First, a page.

• providing urgent medical treatment
      • implementing specific actions required by the Care Act 2014.
    9. If a child over 16 or an adult lacks capacity to consent to sharing information, then any information disclosed must comply with the Mental Capacity Act and Data Protection Act 2018.
    10. Sharing information that may be in the public interest includes:
      • when there is reasonable cause to believe someone is suffering, or is at risk of suffering serious harm
      • to prevent the person from harming someone else.
      • to promote the wellbeing of the person
      • detecting crime
      • apprehending offenders
      • maintaining public safety.
    11. 8.9. The Data Protection Act is not a barrier to sharing information but provides a framework to ensure that personal information about living persons is shared appropriately.
    12. There are seven golden rules for information sharing
      Data Sharing LawRemember that the General Data Protection Regulations (GDPR),Data Protection Act 1998 and human rights law are not barriers to justified information sharing, but provide a framework to ensure that personal information about living individuals is shared appropriately.
      Be open and honestBe open and honest with the person (and/or their family where appropriate) from the outset about why, what, how and with whom information will or could be shared and seek their agreement, unless it is unsafe or inappropriate to do so.
      Seek adviceIf you are in any doubt, seek advice from the Designated Safeguarding Officer, the Operational Safeguarding Lead or the Information Governance Lead and Data Protection Officer, without disclosing the identity of the person if possible.
      Share with consentWhere appropriate and, where possible, respect the wishes of those who do not consent to share confidential information.

      You may still share information without consent if, in your judgement, that lack of consent can be overridden in the public interest. You will need to base your judgement on the facts of the case. Seek advice if you are not sure.
      Consider safety and well-beingBase your information sharing decisions on considerations of the safety and wellbeing of the person and others who may be affected by their actions.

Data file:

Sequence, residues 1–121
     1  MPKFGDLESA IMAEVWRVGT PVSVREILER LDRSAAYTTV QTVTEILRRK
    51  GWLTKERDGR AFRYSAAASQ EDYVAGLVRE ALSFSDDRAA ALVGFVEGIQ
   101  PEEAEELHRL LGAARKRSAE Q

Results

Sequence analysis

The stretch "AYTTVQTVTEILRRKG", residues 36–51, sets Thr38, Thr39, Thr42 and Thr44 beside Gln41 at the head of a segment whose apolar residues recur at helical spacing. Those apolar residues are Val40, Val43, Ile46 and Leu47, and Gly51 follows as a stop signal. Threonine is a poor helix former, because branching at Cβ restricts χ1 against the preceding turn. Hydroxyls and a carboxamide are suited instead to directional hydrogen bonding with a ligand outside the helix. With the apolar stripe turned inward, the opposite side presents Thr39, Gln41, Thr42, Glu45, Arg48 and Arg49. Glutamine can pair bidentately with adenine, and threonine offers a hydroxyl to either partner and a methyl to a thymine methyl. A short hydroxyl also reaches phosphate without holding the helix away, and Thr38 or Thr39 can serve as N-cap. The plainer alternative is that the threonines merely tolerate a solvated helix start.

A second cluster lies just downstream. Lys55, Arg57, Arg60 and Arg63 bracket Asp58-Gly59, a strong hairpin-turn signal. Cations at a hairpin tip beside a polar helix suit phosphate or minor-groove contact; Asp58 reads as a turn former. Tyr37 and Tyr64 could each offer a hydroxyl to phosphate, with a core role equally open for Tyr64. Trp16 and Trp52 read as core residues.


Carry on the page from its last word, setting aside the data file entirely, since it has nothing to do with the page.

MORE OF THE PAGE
Necessary, proportionateEnsure that the information you share is necessary for the purpose for which you are sharing it, is shared only with those who need to have it, is accurate and up to date, is shared in a timely fashion and is shared securely.
      Keep a record Keep accurate records of your concerns, your decision and the reasons for it, whether it is to share information or not. If you decide to share, then record what you have shared, with whom and for what purpose.
    13. 8.10. Enquiries from those involved in an incident or from their families or carers should be dealt with by the case officer or their line manager. Always be cautious about sharing information with family members where this may put other relatives at risk. You may need consent to share even within families.
    14. 8.11. Where councillors refer cases to officers, they should seek the person's consent, if possible in writing. Officers cannot share information with councillors without the consent of the person involved.
    15. 8.12. The Council does not disclose details about individuals or incidents to the public or to the media. Such enquiries should be directed to the Communications Team.
    16. 8.13. Enquiries from the general public regarding this policy or any specific incident should be referred to the Designated Safeguarding Officer Lead.
Last modified on 14 December 2023